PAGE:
Lagosians woke up to the news of another gas plant explosion, this time is Baruwa, a suburb in a densely populated neighbourhood in Alimosho area of the state. So far eight persons have been confirmed dead with tens of others injured.
Reports already indicate that at least 89 shops, 47 buildings including a primary school and church as well as 23 electric poles, two transformers, gas tankers, one tricycle and a motorcycle were ravaged in the explosion. It is disheartening.
Every sort of reason has been advanced for the accident. But the reality is that this incidence is one too many. It is grossly unacceptable. It must stop.
The spate of cooking gas incidents in Lagos is becoming alarming. Three gas plant explosions in the space of five weeks are not right at all. It is abhorrent.
Yes, everyone agrees that the use of cooking gas is a good way to do. It is clean and progressive. Experts have said that it is a good way to curb deforestation, reduce wood-burning and curtail the effects of climate change.
Be that as it may, it is becoming clearer that not everyone should be selling cooking gas. While the increasing number of cooking gas sales outlets in residential areas have a cause for concern, the number of explosions and incidence involving gas plants in residential areas is making every righting person question the wisdom. It doesn’t appear to make sense right now.
So many questions demand answers. What sort of regulation exists to guide the setting up of gas plants? How many itinerary cooking gas sales outlets have the appropriate safety measures in place? What sort of training do workers in these outlets undergo? Who regulates these outlets?
Do they have any sort of insurance? Who is responsible for incidences like the one that just occurred in Baruwa? Who pays for the damages? Who compensates the victims?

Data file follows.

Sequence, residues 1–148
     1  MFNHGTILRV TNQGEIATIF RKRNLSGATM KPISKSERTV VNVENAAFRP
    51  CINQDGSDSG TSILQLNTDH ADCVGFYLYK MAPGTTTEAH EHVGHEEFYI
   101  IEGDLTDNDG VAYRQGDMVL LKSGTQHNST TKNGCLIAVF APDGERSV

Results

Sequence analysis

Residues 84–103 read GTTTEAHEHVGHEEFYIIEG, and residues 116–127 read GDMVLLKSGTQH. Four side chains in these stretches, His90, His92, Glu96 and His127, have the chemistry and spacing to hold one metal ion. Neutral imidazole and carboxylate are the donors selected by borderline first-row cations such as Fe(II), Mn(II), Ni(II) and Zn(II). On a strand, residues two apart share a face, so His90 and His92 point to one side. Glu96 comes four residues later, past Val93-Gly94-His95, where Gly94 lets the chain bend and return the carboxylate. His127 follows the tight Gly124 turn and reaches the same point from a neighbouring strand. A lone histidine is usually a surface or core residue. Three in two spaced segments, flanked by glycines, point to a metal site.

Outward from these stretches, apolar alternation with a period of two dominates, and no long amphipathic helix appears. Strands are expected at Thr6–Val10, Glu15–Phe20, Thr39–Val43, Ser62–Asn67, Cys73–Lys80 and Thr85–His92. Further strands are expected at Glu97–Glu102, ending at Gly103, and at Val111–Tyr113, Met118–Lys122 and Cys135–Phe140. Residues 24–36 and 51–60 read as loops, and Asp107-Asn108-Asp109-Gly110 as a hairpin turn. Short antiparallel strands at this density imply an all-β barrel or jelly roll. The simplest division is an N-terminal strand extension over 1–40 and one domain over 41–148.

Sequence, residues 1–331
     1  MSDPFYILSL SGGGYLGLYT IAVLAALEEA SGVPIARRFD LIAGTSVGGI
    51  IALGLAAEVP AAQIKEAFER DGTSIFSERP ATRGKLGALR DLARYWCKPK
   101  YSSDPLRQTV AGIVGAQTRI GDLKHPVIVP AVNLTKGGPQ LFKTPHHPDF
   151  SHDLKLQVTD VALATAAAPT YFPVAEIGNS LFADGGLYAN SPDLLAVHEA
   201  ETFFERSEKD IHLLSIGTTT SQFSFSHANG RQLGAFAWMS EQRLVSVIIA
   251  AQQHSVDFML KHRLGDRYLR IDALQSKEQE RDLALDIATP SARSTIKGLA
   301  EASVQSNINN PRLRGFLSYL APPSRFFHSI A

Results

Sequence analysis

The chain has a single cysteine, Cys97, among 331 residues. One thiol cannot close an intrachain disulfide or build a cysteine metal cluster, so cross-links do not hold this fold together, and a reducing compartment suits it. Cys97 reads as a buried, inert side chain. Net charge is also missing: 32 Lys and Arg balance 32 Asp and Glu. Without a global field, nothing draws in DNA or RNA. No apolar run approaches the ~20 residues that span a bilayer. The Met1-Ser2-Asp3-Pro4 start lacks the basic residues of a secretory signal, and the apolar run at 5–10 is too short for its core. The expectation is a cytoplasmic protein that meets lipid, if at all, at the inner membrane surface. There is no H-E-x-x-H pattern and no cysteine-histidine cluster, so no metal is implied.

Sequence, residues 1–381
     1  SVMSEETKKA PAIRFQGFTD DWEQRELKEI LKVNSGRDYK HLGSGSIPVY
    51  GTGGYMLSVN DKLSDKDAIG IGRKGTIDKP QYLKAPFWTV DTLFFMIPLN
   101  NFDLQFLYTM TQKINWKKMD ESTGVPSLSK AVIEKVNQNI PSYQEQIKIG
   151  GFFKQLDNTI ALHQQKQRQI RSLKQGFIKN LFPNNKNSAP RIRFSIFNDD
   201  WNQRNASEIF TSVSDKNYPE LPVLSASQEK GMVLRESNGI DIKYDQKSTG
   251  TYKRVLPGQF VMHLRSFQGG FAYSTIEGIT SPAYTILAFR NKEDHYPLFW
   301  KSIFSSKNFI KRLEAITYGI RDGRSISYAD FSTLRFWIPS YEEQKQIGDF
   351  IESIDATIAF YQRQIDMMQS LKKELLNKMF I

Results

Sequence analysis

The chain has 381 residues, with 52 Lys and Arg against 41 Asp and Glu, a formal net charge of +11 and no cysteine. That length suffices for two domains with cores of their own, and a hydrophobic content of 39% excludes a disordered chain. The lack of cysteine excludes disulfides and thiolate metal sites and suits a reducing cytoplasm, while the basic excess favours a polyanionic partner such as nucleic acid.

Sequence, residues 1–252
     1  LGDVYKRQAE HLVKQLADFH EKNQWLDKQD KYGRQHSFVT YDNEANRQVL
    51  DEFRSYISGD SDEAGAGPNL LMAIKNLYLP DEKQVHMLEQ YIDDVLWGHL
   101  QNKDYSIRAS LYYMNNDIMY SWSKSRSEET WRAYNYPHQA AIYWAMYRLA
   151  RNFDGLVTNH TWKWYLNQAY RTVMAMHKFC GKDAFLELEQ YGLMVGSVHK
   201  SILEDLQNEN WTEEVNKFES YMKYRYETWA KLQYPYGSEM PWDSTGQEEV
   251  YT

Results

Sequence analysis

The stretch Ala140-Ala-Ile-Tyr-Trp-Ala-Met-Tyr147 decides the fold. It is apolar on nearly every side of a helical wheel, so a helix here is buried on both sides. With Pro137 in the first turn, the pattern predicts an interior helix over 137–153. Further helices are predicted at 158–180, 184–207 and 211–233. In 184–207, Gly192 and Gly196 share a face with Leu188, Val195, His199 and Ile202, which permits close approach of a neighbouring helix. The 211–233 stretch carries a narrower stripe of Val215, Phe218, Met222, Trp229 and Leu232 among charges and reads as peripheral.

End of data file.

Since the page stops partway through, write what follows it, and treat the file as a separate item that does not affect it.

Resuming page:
It is beyond debate; something must be done and urgently. Otherwise, the population may well be waiting for their turn in the gas burner. This is no way to live.
The real problem is that Nigerians have a knack for me-too business. Whenever people think that there is easy money to be made in a business venture, especially those with low entry barrier, everyone jumps on the bandwagon. From pure water production to cybercafes, while it lasted; fast-food eateries, and now cooking gas sales outlets.
This is the dangerous part; many gas plant operators have little or no training or knowledge on how to run such a business.
First, gas is highly flammable. So, the watchword should be safety- first, last and always. Safety measures should be put in place. Staff should be taught how to handle the process safely every time.
Besides, appropriate caution signage and direction signs should be placed visible and conspicuously around the facilities.
Plus, someone and some agency must monitor to ensure that strict safety standards are set and fully adhered to.
Also, importantly, every gas plant must have a direct line to the closest fire service.
I understand why it is necessary to site some plants near the customers. But it should not be to the detriment to the health and safety of those same customers.
Gas plants anywhere need to maintain stringent safety conditions. Gas plants in residential locations are doubly risky because of the sheer population that can be hurt when something goes wrong.
Yes, the firms must have fire extinguishers, clearly spelt out emergency procedures, conduct drills regularly to keep the staff sharp and alert. But it is never enough. They must be closely monitored and inspected.
Multiple reports indicate that a power generating set may have caused the spark that led to the explosion in Baruwa. It is a safety failure. This must stop.
The Lagos State government cannot send the usual platitude this time around. It must act. It must now put measures in place to prevent a reoccurrence. The government must put the right foot forward.
Someone says that progress comes risk. True. But everything possible must be done to mitigate it and thus ensure sustainability.
It is time to put a CAP on gas explosions in Lagos State.
Elvis Eromosele, a Corporate Communication professional and public affairs analyst lives in Lagos.